BRIDGE

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The Independent Culture
SOME PLAYERS seem to have been born under a lucky star. One such was South on this deal - he started by playing hastily to the first trick, but was able to take advantage of a favourable lie of the cards to stage a brilliant, if fortuitous, recovery.

South opened 1NT (12-14 points) and caught his partner with a Two Clubs opener. North launched into a Gerber enquiry with Four Clubs, and learnt of two aces. He followed up with 4NT, asking for kings; in spite of South's denial, he still bid 7NT.

West led the nine of diamonds against 7NT and, moderately pleased with what he saw, declarer won in hand with his ace. Too late, he realised the drawbacks to this play: for both major suits were blocked and he had just used up his only safe entry to hand. Never mind, he thought, perhaps the diamonds will break.

Declarer first played off [A, then made a start by cashing dummy's top hearts. When East discarded a club on the third round, he turned his attention to the spades - cashing the ace and king, and overtaking the jack with his queen. West showed out, however, but South was now able to cash his ace of hearts, throwing the losing club from the table.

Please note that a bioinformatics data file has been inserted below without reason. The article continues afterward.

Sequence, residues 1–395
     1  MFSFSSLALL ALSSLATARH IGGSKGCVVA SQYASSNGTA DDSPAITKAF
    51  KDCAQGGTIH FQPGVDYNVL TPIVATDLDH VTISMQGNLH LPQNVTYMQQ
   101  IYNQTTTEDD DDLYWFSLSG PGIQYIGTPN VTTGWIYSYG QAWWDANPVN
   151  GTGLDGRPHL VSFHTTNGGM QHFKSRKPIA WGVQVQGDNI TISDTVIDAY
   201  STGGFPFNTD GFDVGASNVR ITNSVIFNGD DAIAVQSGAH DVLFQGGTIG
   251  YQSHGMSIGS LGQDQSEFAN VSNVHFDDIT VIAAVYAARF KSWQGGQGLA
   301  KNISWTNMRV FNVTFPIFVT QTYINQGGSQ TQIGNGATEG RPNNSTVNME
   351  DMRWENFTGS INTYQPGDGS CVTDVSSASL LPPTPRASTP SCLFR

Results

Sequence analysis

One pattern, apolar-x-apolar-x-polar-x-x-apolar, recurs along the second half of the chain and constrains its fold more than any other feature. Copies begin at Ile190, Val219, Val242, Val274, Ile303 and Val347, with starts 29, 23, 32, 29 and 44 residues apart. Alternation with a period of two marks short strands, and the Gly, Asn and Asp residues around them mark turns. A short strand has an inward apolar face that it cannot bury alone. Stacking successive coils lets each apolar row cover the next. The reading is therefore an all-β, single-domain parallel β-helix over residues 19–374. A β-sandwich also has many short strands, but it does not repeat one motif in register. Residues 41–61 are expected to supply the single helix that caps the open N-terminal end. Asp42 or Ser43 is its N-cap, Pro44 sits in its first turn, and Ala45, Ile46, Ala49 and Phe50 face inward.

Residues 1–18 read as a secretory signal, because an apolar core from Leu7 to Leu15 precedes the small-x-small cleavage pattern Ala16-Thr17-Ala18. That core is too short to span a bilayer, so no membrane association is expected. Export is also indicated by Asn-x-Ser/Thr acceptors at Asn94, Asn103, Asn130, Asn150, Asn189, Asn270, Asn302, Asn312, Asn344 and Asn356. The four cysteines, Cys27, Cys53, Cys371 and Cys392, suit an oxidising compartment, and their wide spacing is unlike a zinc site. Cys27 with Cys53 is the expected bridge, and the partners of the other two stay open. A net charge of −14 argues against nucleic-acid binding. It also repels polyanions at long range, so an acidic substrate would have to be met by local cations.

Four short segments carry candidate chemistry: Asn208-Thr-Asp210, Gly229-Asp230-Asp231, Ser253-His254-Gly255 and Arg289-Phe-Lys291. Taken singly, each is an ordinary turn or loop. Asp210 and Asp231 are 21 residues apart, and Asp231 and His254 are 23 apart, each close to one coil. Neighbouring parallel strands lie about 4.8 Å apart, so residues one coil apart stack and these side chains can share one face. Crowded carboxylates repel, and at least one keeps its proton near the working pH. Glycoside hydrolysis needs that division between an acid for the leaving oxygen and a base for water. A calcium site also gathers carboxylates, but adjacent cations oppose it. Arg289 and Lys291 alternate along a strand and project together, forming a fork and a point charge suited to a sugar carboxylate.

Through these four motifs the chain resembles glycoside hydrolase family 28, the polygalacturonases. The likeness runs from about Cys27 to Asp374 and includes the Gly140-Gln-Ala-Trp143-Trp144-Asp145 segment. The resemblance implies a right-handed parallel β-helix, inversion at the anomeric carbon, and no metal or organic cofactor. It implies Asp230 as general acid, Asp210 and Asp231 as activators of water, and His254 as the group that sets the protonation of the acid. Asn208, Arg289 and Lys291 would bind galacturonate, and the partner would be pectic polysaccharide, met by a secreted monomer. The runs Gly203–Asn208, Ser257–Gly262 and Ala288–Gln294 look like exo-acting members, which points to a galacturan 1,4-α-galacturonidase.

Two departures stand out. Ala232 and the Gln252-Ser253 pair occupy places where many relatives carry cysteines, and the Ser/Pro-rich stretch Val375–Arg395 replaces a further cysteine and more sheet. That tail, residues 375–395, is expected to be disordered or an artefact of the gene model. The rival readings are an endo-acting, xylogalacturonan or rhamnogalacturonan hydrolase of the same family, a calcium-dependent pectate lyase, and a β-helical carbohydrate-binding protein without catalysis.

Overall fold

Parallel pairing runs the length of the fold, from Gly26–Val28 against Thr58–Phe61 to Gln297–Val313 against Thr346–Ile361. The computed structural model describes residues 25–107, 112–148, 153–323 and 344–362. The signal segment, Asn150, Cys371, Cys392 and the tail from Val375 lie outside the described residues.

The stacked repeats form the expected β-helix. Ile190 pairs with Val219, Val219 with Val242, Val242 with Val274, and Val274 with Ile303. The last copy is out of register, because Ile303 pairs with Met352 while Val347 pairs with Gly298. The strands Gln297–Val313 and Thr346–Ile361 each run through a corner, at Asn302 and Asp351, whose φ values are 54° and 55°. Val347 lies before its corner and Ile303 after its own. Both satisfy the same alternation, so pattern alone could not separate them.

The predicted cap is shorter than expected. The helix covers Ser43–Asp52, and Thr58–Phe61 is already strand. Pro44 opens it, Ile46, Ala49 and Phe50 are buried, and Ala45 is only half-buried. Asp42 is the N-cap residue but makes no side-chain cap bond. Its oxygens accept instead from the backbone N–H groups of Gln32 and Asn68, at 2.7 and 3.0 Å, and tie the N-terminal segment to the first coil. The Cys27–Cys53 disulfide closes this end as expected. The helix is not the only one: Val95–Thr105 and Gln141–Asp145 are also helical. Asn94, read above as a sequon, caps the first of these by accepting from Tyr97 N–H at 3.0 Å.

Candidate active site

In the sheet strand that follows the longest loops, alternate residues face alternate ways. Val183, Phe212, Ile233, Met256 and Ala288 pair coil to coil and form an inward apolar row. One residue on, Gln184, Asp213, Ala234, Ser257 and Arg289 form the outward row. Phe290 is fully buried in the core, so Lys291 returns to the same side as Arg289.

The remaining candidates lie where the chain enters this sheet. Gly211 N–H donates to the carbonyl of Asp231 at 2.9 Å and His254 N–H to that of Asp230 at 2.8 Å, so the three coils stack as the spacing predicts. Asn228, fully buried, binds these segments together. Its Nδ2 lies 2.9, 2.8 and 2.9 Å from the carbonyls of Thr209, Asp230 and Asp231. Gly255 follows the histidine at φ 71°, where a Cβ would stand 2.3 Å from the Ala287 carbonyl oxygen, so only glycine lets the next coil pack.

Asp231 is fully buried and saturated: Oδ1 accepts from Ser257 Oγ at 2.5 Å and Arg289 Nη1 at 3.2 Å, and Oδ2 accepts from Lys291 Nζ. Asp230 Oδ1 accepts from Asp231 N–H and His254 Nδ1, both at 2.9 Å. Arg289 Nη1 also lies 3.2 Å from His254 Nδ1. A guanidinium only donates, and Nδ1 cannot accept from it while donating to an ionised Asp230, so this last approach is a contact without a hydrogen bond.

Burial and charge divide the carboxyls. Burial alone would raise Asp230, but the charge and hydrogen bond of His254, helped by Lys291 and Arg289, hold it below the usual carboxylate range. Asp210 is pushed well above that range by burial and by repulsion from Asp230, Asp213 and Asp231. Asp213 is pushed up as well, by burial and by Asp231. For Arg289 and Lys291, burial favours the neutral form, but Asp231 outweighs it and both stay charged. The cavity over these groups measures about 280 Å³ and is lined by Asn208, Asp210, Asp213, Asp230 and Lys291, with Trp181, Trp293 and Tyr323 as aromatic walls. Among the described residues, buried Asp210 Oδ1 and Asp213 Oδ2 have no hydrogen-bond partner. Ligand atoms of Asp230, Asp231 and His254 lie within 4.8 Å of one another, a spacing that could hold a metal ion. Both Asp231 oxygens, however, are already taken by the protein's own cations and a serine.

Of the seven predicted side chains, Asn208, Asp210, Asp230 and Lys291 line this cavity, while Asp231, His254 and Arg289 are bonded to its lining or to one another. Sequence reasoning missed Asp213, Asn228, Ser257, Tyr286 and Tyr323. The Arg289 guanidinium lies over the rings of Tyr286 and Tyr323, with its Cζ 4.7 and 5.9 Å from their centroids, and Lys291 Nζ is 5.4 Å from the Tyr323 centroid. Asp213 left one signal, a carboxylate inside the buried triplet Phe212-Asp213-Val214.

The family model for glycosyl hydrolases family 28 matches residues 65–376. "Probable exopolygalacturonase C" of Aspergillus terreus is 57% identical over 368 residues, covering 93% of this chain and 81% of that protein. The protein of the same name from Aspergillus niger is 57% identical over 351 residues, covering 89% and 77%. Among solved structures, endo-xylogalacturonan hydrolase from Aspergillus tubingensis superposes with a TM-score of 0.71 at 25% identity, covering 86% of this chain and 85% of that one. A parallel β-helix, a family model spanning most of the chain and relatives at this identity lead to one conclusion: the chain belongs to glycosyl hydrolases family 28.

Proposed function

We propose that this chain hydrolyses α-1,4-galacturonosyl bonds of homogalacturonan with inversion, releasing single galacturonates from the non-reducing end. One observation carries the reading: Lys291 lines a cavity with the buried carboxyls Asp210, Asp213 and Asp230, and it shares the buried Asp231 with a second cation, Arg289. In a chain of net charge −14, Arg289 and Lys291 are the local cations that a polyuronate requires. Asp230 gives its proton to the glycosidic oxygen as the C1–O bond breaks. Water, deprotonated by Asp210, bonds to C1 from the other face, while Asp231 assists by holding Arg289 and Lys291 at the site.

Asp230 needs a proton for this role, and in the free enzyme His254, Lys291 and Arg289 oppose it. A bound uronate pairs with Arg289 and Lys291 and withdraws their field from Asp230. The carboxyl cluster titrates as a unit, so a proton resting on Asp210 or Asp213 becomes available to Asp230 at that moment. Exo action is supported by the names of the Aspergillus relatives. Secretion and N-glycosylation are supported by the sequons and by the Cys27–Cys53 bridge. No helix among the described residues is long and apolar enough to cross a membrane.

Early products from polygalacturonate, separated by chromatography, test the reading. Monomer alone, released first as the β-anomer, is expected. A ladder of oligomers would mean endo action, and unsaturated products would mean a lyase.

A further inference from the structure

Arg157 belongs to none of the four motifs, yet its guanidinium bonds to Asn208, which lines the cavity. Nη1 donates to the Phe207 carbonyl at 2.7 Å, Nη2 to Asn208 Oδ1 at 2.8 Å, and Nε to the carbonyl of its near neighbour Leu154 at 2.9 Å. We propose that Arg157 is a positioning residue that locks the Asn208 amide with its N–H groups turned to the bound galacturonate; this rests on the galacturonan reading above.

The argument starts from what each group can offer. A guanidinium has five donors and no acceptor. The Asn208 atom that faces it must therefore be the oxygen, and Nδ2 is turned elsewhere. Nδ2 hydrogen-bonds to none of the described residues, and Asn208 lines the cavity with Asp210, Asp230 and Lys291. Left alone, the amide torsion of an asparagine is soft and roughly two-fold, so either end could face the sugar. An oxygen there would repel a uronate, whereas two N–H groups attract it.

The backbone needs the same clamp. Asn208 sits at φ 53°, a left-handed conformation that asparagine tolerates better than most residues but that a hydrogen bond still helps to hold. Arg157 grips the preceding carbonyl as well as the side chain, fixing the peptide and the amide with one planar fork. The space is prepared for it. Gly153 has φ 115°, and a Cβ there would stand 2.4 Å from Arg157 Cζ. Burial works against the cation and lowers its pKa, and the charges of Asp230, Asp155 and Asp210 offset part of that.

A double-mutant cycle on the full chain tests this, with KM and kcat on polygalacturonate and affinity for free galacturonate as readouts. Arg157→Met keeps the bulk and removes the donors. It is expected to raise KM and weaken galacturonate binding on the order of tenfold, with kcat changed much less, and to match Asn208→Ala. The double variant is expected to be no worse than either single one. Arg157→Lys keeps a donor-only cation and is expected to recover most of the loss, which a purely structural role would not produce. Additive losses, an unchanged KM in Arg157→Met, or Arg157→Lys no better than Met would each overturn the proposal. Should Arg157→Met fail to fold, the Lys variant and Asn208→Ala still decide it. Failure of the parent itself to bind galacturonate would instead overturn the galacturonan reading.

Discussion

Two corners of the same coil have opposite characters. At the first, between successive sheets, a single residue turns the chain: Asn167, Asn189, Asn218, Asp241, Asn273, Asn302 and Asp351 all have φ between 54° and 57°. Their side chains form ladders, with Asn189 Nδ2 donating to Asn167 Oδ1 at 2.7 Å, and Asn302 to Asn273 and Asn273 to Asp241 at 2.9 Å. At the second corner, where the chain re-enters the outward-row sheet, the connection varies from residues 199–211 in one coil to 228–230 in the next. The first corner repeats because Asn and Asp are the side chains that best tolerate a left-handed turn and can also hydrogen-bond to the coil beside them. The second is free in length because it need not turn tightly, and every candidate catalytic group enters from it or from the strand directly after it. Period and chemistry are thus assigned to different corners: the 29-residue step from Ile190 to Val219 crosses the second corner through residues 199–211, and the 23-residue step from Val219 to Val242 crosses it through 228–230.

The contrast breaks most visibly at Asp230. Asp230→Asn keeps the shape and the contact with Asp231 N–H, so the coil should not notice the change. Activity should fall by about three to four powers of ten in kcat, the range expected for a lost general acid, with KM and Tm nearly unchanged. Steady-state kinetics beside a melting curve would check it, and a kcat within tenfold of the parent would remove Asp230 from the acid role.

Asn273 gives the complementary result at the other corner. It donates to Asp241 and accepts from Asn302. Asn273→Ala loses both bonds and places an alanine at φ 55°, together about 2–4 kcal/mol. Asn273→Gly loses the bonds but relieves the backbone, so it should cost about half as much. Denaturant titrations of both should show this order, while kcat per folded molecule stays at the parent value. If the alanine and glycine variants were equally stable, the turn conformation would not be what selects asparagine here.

There was, of course, still the chance of a favourable diamond break, but can you see the end position? Dummy has +KQ65, declarer ]10 +3 [Q9, and poor East is looking for a discard from ]10 +J107 [K. Quite inadvertently, South had engineeered a perfect example of a repeating squeeze.

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